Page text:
The University of Delaware’s Institute of Energy Conversion (IEC) has been awarded US$2.1 million from the SunShot Initiative for two research projects aiming to improve the performance of interdigitated back contact (IBC) solar cells while reducing their production costs and new techniques for CIGS deposition.
Although IBC cells have provided the highest efficiencies in volume production via SunPower, production costs have remained higher due to difficulties in patterning and isolating the positive and negative electrodes on the back of the solar cell.
Senior scientist Steven Hegedus is said to lead a three-year, US$1.25 million project on cutting IBC solar cell production costs.
Hegedus and his team, including Ujjwal Das, associate scientist at IEC are to explore the use of advanced laser patterning techniques to overcome these challenges. The project team will include the Laser Manufacturing Laboratory at the University of Virginia and Silevo, owned by SolarCity at its pilot line facility in Fremont, California.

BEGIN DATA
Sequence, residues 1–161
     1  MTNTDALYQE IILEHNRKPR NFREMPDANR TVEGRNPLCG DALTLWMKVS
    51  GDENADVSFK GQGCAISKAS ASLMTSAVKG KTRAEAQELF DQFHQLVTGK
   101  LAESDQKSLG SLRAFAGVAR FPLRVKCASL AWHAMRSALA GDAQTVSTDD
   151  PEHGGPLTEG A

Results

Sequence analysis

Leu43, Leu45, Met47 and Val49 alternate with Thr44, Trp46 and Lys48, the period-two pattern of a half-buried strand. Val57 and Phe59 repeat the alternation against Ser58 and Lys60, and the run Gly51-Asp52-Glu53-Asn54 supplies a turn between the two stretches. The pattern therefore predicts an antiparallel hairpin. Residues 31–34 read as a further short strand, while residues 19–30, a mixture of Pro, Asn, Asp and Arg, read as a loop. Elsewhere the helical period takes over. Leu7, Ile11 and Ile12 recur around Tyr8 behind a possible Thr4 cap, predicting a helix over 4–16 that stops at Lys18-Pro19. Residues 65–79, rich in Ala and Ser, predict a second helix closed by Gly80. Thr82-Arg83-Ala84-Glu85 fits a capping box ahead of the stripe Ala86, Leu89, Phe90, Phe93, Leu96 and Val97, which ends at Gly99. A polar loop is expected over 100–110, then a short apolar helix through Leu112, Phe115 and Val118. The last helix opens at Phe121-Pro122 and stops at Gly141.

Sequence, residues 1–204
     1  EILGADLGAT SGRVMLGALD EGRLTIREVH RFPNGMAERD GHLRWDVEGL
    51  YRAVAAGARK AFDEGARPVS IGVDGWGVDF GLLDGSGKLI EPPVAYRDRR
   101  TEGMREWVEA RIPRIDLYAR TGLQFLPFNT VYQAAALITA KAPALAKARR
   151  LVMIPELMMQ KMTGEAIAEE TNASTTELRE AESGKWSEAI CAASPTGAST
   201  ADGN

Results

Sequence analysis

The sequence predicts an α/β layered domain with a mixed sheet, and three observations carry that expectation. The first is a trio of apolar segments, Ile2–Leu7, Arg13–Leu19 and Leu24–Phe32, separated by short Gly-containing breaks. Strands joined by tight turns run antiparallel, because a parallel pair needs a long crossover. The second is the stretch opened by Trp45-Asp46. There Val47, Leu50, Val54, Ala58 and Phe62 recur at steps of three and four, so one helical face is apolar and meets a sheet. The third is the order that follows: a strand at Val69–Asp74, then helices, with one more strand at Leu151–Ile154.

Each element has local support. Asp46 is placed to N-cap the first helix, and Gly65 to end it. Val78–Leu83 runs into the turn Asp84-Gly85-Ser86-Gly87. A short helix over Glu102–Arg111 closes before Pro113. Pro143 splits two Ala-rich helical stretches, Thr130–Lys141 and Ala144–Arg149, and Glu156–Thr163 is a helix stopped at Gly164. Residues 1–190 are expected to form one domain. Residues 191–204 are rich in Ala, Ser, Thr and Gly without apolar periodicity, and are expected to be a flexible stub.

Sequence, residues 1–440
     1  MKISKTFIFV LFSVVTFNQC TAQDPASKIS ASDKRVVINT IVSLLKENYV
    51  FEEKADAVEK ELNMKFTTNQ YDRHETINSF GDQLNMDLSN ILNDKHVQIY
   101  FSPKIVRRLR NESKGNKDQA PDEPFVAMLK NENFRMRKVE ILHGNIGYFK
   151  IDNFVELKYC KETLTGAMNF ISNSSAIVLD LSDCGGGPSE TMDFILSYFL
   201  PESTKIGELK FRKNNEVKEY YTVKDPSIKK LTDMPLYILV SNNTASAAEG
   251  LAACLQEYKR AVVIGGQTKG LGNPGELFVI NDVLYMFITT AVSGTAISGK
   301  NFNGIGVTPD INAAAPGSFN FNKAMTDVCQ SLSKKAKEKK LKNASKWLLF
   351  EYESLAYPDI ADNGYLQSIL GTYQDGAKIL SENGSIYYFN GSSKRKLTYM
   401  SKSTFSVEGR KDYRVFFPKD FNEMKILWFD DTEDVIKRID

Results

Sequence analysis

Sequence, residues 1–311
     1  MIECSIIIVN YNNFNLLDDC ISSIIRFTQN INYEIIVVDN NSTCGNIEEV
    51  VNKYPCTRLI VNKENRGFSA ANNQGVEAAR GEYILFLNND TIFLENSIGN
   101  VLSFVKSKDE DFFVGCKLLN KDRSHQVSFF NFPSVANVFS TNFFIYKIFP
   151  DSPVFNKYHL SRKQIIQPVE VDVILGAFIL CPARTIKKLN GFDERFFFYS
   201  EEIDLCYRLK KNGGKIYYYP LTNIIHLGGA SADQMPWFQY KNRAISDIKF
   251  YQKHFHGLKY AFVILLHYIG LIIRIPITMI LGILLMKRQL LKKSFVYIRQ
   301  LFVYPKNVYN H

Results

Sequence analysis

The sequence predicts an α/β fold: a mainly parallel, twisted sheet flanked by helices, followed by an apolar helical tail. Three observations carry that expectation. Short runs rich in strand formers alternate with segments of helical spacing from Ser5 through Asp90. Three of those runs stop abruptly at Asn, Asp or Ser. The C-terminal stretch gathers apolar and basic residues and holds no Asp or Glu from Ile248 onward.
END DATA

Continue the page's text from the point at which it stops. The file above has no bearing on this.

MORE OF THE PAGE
“IEC has worked on an advanced type of IBC cell, and we have optimized some of the processing technology,” Hegedus said. “The complexity of the processing and its integration into manufacturing requires the multiple institutions we’ve assembled here.”
Senior scientist William Shafarman will lead a project team exploring new techniques for making solar cells from a compound material using copper, indium, gallium and selenium (CIGS) applied to a glass surface to lower thin film processing cost below conventional silicon solar cells.
“We need to keep making solar cells better and cheaper,” Shafarman said. “Our goal is to make higher-efficiency solar cells and to translate new materials and processing techniques into the large-scale manufacturing of photovoltaic modules.”
The three-year, US$889,000 project will include Greg Hanket, associate scientist at IEC, and partners at the Molecular Foundry at the Lawrence Berkeley National Laboratory, who will assist with the advanced characterization of the materials used in the solar cells, and at Stion Corporation, which manufactures solar cells in California and in Mississippi.